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Safety in Surveying is obviously as important as Safety is in any other context.  Safety in Surveying can be considered an insurance policy based on personal responsibility that may "guarantee" against injury and illness. 

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Land Surveyor

Surveyor Safety Equipment and Training Checklist

Have you compiled a checklist for safety?  If so, your comments and additions to this very basic list could help keep you and others alive:Traffic safety conesTraffic signs (Survey Crew Ahead, etc.)Strobe light on the vehicle (yellow, etc.,)Steel toe boots, when requiredSafety vests (orange, yellow, reflective, etc.)First aid kit (in the vehicle, and on the person when in remote environment)Fire extinguisher in the vehicle, properly mounted.Proper training (as required by government, i.e. OSHA,…

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Land Surveyor

Safety Policy and Documentation

The degree of accountability for employers in Occupational Health and Safety is enormous, and ever rising.Workplace safety is an issue any business owner must address, and failure to do so can result in Hefty fines or imprisonment if a worker is injured.I am wondering what Survey specific safety policies some of you have worked under.In particular, what do the Job Safety Analysis and Risk Assessments include or look like? What are the most common hazards and risks that you identify when…

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Land Surveyor

Safety and Insects

Safety and Insects  is what I am calling the discussion.  Here is a link to a discussion about general safety and specific safety requirements mixed with some killer bee dialogue. Please continue posting replies to this discussion here in the Safety in Surveying group.  Here is the link to the original discussion so that you know what I'm talking about:  Safety in Surveying

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Safety in Surveying

Safety in Surveying

The Bureau of Labor Statistics and the National Safety Council list construction labor, mining, well drilling, logging and trucking as some of the most dangerous occupations. Land surveyors work on mines, drilling fields, logging fields, heavy construction projects, residential and highway construction projects and face the same safety risks. You will commonly find a land surveyor standing in the middle of a busy street sighting through a transit at a survey target blocks away while cars zoom by on each side or hiking through treacherous terrain to a distant survey site.

Jobs that require land surveys are often located far from roads on undeveloped land, requiring the survey parties to hike for hours over rough terrain and rappel down cliffs to place a survey target. Other survey jobs involve working close to heavy machinery under scaffolding or steel framework, with beams being placed by a construction crane and workers above dropping tools. Other jobs require standing in moving traffic. Each job presents its own set of deadly hazards, so insurance companies, unions and state and municipal institutions have developed extensive safety procedures for survey crews to follow.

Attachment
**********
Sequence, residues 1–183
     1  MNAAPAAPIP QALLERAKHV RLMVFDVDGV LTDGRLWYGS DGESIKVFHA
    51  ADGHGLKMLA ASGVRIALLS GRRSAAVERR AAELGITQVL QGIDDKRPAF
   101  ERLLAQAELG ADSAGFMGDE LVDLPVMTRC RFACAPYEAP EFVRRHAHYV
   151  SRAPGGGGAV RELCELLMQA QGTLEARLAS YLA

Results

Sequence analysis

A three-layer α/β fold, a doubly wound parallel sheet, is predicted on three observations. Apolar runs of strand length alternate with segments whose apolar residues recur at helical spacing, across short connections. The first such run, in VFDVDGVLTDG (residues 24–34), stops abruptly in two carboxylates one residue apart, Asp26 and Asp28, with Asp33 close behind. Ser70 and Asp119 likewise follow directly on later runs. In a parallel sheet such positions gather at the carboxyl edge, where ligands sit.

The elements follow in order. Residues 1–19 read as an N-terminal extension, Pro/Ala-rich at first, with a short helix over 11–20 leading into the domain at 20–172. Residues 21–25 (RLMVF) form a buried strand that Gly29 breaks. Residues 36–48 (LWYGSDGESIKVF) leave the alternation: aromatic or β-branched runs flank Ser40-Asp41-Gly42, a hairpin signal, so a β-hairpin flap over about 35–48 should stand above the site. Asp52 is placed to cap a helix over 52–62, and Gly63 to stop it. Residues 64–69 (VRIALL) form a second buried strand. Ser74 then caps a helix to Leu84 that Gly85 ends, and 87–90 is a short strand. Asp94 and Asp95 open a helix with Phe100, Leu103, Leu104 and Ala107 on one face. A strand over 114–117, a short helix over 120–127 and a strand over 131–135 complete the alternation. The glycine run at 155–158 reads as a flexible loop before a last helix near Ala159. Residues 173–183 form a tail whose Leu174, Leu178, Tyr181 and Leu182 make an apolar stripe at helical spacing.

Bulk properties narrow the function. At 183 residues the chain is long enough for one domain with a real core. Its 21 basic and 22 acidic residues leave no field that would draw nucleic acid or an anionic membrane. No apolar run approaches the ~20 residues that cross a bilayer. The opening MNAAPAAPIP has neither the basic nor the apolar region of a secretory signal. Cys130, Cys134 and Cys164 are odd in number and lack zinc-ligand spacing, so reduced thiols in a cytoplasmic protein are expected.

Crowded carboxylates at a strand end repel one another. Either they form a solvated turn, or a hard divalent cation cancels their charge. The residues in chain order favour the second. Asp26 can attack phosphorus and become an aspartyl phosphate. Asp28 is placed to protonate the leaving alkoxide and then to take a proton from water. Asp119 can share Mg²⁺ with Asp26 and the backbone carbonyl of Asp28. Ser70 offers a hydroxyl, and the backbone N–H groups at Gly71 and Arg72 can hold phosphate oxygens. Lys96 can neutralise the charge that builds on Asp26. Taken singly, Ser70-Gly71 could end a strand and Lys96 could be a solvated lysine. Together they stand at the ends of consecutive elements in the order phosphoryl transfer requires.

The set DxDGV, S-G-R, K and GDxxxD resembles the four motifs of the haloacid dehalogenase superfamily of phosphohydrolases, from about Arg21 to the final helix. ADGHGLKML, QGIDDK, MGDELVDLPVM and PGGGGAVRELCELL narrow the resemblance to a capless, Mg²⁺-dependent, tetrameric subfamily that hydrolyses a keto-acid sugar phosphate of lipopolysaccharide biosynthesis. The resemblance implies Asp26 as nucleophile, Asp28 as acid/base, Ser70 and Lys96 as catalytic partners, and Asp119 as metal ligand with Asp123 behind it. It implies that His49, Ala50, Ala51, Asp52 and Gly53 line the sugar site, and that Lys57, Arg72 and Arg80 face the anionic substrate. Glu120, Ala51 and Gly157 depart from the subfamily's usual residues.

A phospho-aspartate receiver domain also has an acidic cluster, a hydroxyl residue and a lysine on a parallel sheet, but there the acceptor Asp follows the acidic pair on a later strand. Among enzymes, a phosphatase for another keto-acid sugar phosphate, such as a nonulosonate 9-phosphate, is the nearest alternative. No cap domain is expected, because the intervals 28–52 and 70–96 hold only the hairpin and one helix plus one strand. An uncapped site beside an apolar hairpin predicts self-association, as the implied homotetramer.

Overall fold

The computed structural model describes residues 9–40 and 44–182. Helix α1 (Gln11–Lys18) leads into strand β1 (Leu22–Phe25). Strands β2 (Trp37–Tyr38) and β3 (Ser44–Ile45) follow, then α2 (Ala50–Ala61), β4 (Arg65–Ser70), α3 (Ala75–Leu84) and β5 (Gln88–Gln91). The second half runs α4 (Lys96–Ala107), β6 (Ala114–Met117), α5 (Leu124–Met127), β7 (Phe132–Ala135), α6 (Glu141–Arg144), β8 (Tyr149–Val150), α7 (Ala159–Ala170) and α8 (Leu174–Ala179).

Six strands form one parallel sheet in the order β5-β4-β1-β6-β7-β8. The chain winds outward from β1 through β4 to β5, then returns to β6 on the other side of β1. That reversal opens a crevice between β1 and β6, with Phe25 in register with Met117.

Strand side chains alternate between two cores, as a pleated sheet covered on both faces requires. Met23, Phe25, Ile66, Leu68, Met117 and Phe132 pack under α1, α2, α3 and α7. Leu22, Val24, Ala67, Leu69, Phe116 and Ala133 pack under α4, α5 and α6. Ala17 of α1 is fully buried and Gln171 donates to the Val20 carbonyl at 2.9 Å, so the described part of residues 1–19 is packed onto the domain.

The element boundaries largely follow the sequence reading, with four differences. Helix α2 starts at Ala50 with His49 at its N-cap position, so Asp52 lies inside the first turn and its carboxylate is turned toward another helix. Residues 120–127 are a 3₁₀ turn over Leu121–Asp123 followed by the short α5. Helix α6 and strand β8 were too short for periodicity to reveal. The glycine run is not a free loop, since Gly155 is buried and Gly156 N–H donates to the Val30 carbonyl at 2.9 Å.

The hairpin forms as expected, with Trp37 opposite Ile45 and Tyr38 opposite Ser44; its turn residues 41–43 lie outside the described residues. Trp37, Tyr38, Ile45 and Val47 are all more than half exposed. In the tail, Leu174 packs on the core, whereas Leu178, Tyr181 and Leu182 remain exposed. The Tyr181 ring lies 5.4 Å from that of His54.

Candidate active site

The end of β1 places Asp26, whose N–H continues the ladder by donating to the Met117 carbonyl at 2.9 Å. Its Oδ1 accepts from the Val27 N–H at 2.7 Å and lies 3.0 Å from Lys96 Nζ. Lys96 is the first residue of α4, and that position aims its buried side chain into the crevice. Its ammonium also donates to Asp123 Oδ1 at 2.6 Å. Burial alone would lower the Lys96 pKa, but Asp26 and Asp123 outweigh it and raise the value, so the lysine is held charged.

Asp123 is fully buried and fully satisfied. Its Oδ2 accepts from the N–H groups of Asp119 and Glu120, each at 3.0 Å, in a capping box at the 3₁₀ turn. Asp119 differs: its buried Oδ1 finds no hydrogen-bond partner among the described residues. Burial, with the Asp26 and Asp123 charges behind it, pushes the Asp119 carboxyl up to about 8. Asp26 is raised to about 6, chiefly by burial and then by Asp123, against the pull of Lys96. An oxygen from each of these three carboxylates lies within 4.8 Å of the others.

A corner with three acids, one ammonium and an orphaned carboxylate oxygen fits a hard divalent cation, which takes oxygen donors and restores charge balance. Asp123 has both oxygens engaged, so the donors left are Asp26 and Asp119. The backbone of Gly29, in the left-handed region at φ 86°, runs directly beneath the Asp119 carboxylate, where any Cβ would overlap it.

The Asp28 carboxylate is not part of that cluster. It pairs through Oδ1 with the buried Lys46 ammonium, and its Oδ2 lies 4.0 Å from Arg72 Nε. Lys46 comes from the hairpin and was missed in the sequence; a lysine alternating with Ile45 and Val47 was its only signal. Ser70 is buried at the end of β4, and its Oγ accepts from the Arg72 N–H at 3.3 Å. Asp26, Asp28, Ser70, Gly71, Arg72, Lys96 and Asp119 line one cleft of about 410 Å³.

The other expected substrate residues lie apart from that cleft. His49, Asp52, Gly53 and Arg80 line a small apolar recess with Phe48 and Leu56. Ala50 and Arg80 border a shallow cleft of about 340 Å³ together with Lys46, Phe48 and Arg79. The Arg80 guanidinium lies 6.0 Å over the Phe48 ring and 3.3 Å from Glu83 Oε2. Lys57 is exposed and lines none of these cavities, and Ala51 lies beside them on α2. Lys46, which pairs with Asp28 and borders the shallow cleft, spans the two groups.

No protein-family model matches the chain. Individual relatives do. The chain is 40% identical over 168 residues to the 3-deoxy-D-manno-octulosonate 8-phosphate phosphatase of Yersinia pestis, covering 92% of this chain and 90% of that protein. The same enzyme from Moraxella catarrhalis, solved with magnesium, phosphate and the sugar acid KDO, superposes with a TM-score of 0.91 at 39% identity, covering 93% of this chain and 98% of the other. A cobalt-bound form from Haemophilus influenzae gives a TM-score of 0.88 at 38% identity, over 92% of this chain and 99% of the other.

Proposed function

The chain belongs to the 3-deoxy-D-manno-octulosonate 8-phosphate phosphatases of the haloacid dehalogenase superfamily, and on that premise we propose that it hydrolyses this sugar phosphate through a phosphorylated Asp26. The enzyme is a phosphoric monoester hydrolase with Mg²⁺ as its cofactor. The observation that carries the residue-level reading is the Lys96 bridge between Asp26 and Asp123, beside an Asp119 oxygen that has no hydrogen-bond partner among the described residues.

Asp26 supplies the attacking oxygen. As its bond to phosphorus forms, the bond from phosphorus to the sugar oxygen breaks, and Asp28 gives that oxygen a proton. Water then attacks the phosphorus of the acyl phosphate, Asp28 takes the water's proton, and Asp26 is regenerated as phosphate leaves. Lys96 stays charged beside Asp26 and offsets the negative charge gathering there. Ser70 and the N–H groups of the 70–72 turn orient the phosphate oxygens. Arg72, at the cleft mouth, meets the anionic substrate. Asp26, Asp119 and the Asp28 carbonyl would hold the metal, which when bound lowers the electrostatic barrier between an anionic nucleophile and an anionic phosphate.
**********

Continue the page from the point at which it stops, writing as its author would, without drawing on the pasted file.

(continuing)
Types of Hazards

A survey party might encounter rattlesnakes, cougars, bears, falling tree limbs, falling rocks, falling hand tools, falling construction materials, drunk or distracted motorists, lightning and flash floods. Heat exhaustion and frostbite are additional risks, depending on the weather and location. Simple falls due to tripping over uneven terrain while walking or while giving full attention to sighting through a transit are common. Injuries incurred by slamming a hammer down on a thumb or leg, or back injuries from carrying heavy survey equipment and packs are also common.

Basic Safety

The hard hat has long been a staple of land surveyor safety equipment, along with bright colored reflective vests, gloves, and snake-proof hiking boots. Heavy denim or ranger whipcord pants protect against trail-side thorns and sharp objects on construction sites. Canteens and bottled water are vital to keep the crew properly hydrated while working outside in the sun, and strong canvas umbrellas and pop-ups made for outdoor industrial use provide shade. Every survey crew is expected to carry a first aid kit, snake bite kit and insect sting kit with antihistamines to protect against allergic reactions if a worker is bitten in the field. For the times when climbing is necessary, steel cable safety rope is required. There are also procedures for placing safety equipment such as traffic cones and signs.


Safety equipment should be as light in weight as possible because it may be carried long distances while hiking in to a remote construction site or from a truck parked in a distant parking lot when working at an urban construction site. Vehicles must be in safe working condition to keep from stranding the survey crew on a lonely road way out in the desert. Communications equipment such as phones, radios and GPS should be checked before embarking on a remote survey.

The party chief is responsible for the safety of his crew. Many land surveyors fancy themselves proud outdoorsmen and can be reckless in their adherence to safety rules, but for the most part, experienced surveyors are careful of their own safety. Special safety training should be given to any inexperienced hires, even if they have received safety training in school or as a part of their licensing.

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